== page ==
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Screen Test: Five Frustrating Infotainment In-Car Interfaces Page 2

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CUE interface, in 2013 Cadillac XTS

CUE interface, in 2013 Cadillac XTS

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There is finally some relief on the horizon. In next-generation systems, hardware will make a major leap (that retina display, in a vehicle, isn't all that far away), and capacitive screens will be common. Some next-generation systems will also be able to recognize when a passenger makes selections, and allow them to program a new destination or change system settings—a common complaint.

Have it your way in the future

But perhaps most importantly, systems in the not-so-distant future will recognize that not everyone will feel at home with a particular interface. “One user might have a preference for touch screens, others for voice, some for rotary,” said Boyadjis. “Automakers know that they need to create a system that has redundancies.”

According to Boyadjis, there are concepts in the works that will let the driver customize an interface, or more simply, fill out a questionnaire, with the system then going to an interface that's customized for that kind of customer. Some voice-control systems already have it, he notes. Gesture-recognizing systems are on the way, too—as soon as automakers can agree on what each gesture means, and manage some other issues, like how some gestures won't carry well across cultural barriers.

After much debate, the High Gear Media editorial team singled out a few interfaces that either perform sluggishly or are stubbornly particular about the way people must interface with them. Although some of the newer screen-based systems like GM's CUE aren't short of issues either, we agree with the analysts we've spoken to and agree that more interface options is a good way to avoid frustration.

All-in-one vehicle interfaces are here to stay, and they're getting better; but follow on to see five systems that could drive you bonkers. And be sure to tell us about your own experiences: What works and what doesn't?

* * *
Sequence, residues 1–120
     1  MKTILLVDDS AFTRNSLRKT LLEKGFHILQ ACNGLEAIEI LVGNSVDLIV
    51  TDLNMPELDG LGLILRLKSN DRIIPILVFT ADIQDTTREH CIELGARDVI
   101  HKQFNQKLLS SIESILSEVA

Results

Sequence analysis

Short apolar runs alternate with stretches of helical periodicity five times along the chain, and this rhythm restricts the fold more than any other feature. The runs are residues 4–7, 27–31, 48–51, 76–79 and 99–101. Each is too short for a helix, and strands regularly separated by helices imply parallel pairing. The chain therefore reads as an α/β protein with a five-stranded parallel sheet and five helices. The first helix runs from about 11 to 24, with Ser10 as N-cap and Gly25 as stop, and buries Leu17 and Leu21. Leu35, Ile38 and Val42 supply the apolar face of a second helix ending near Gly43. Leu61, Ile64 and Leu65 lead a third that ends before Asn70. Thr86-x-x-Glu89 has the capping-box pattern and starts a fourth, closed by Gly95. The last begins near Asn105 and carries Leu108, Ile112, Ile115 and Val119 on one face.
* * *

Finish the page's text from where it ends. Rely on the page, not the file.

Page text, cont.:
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Comments (3)
  1. Having experience several versions of the Comand system, I find it somewhat archaic today. Currently, I have a '12 Audi Q5 with MMI plus and it works pretty well. The voice control doesn't always understand and the windows and sunroof need to be closed. The most frustrating is the radio which permits "presets" or favorites but requires you to select "Presets" every time you start the car a new. One feature no often mentioned is the in dash screen between the speedo and tach which provides duplicate info from the main screen and button on the steering wheel which permit telephone, media selection and use without use of the main control knob. It also provides nav info. And the "optional" Bluetooth works great.

  2. As an owner of a 2008 Audi A6, I have to disagree with your assessment of MMI. Using the knob and button controlled interface is much easier than stretching for a screen interface. After about a week of use, I got the hang of it and can easily use it while paying attention to the road. The voice control and Bluetooth also work very well for cell operation.

    Plus, you don't have to be constantly wiping off greasy fingermarks as with the CUE display. I've tried Caddy's system and applaud their effort, but there's no workaround for this messy byproduct.

  3. Just had the Ford dealer install the latest My Ford touch into my wife's 2013 Escape. For a starter I went to download it onto a thumb drive as the letter of instruction advised me to. Couldn't download it onto a Mac Book as it required a java program first. Couldn't install Java as they and Mac are not friends. So went to the dealer and they performed the download and installation. All that was left was for me to reset the radio stations and the rear camera. This I shouldn't have had to do.Now I understand why people don't like My Ford Touch.

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